Ofcom boss Ed Richards was in feisty mood for his conversation at Polis. “It is difficult to get politicians to take the future seriously” he warned. European Commission plans for a Super-regulator are ‘dangerous’ and ‘retrograde’ he added. For a man with a reputation as the ultimate technocrat and policy wonk this was passonate stuff.
Ofcom are under pressure. The regulator for non-BBC broadcasting and telecoms has just had its idea for a Public Service Provider rejected by a committee of MPs. The EU telecoms commissioner Viviane Reding has said that national regulators like Ofcom have failed consumers. No wonder the Media Guardian has said that Richards ‘must try harder’.
Well Richards was certainly trying hard in his Polis debate. He made it clear that he thinks that the MPs simply don’t understand that the whole media environment is changing and that we might be left with just the BBC as a sole bastion of public service broadcasting. “If we applied their way of thinking in the past we would never have set up the BBC because when it started it only served a small audience” he said. He made an interesting argument for why society should consider investing in more, not less public service:
“The old analogue system is falling in to disrepair, it’s not sustainable. How do you meet the needs of the digital age? We have to ask if the market is providing sufficient public serivice media for what we want as a society. The country is better off with a mix of public and private public service broadcasting. In the end the Government will make the decision but it is incumbent upon us to develop more thinking on the Public Service Provider”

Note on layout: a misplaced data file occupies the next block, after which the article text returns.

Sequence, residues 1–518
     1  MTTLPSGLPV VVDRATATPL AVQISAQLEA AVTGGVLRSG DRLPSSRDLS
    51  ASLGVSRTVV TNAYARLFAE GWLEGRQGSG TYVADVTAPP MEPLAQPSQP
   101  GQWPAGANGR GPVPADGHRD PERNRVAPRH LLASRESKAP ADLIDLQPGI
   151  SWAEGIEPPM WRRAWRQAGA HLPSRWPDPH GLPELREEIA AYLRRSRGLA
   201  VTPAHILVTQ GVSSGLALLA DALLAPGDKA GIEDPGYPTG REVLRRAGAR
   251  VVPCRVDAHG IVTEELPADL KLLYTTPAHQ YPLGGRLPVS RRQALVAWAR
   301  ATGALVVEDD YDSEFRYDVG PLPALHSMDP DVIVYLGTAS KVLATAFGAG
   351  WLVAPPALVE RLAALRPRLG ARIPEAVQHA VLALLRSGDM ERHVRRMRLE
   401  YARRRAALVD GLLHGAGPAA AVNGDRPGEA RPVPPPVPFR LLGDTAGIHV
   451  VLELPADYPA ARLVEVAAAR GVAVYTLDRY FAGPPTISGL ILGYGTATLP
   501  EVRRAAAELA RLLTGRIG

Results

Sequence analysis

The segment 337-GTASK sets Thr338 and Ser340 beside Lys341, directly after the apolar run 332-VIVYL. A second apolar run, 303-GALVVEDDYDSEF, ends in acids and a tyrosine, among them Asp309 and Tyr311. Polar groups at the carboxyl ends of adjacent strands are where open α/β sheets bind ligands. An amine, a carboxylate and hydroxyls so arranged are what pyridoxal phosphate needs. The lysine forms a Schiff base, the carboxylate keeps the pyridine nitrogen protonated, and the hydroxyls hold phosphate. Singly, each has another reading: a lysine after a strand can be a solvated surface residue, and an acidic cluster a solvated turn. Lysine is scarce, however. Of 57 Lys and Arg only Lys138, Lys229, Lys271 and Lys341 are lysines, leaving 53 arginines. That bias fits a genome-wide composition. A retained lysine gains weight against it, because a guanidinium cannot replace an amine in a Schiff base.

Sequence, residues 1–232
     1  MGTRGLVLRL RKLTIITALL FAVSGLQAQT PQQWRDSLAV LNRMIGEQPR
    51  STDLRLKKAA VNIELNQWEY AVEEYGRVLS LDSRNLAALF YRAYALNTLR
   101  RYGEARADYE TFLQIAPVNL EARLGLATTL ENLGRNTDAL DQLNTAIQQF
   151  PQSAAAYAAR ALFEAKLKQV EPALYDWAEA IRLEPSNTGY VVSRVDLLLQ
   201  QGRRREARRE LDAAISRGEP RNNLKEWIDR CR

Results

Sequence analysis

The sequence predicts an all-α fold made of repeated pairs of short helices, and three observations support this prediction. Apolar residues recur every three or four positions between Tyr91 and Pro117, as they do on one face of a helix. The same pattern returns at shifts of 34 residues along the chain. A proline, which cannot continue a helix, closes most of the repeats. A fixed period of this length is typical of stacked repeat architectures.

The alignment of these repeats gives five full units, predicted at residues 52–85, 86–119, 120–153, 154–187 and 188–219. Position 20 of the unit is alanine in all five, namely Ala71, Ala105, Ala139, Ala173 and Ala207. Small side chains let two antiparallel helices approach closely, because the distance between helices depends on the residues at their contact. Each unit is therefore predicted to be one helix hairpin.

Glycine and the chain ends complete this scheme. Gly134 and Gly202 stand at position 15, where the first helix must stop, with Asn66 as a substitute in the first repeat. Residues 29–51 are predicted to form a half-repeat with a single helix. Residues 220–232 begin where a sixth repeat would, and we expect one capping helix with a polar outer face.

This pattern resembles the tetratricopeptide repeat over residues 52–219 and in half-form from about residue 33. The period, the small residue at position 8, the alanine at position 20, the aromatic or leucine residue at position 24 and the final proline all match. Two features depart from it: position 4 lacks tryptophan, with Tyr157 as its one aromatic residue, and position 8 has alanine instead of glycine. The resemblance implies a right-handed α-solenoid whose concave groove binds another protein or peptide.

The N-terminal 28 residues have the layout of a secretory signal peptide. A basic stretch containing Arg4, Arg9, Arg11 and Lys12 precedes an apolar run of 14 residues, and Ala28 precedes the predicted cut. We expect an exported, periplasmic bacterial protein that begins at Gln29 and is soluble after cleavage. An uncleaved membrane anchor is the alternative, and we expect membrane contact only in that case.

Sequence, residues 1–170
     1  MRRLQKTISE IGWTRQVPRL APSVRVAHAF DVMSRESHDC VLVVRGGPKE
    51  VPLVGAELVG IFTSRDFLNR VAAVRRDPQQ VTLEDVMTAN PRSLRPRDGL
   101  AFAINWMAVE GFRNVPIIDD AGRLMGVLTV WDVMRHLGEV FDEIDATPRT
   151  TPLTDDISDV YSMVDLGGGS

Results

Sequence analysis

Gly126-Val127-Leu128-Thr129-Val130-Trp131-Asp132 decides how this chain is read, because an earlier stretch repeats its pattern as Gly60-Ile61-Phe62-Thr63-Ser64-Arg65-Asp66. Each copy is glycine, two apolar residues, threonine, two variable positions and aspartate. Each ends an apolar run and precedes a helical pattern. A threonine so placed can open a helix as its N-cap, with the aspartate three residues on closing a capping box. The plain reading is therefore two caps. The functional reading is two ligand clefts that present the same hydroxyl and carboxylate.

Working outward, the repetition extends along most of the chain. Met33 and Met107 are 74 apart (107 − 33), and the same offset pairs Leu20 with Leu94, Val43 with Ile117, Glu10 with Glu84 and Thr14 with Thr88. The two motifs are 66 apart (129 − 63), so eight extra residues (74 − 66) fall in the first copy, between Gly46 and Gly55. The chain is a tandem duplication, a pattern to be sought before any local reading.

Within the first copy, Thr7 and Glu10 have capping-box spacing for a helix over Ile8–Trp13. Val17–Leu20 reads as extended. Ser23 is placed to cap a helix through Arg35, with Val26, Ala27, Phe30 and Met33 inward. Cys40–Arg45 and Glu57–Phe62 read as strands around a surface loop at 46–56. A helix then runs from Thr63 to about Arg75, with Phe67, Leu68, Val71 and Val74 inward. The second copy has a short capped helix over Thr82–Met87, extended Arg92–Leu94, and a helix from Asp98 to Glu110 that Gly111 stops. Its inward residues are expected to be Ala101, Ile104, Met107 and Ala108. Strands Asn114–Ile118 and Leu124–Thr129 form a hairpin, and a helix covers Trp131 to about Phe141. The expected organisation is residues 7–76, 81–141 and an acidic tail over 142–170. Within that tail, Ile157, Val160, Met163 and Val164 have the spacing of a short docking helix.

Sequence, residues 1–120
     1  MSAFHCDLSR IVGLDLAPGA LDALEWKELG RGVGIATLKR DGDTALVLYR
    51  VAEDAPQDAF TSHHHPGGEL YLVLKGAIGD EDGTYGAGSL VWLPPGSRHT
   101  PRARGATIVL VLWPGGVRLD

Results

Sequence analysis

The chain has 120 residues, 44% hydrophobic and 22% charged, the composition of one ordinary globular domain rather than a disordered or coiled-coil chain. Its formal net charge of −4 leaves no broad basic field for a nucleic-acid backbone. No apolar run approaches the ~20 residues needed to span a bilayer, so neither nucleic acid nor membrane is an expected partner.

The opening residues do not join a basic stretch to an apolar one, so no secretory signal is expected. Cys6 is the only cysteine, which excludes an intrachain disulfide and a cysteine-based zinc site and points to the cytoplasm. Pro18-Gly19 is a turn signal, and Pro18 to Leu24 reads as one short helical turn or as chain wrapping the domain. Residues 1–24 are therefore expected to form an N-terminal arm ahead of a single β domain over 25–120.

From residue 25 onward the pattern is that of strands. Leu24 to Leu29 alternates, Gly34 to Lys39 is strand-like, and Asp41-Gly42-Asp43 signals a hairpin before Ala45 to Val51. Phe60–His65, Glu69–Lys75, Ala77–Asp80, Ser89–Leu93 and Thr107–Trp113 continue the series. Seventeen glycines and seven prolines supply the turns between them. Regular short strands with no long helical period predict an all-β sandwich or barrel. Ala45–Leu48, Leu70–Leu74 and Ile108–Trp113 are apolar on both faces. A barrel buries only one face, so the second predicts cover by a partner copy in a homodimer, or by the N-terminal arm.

He was able to describe the core idea of the PSP. It’s role will be to support or commission public service content for a variety of platforms. It may be a new organisation or the role may be taken by an existing body. However, he was unable to tell us exactly what the PSP will look like. Ofcom are piloting models and it will interesting to see what emerges. Of course, some people are opposed in principle because they think it will restrict the flowering of private sector enterprise. Or they oppose the idea in practice because they think it will be unworkable.
Likewise, Ofcom (and the rest of us) have a tough call to make on regulation of the Internet. Richards’ analysis was clear but he refused to come down on one side or the other.
“Like it or not there are a series of states who have proved that it is possible to regulate the Internet: China, Saudi Arabia and North Korea. They have all done it in highly undesirable ways but they have proved that it is possible. But should it be regulated at all? Five years ago we would have said no. But that was when the Internet was used by a small number of geeks. Now it is mainstream and part of our lives, especially in homes with children. It is time to think about this carefully.”
On the other hand, Richards warned of “an air of moral panic” around about the Internet and he suggested that you could have positive results through self-regulation or improved media literacy.
We will be publishing a short paper based on the event shortly – thanks again to Chime Communications for their support.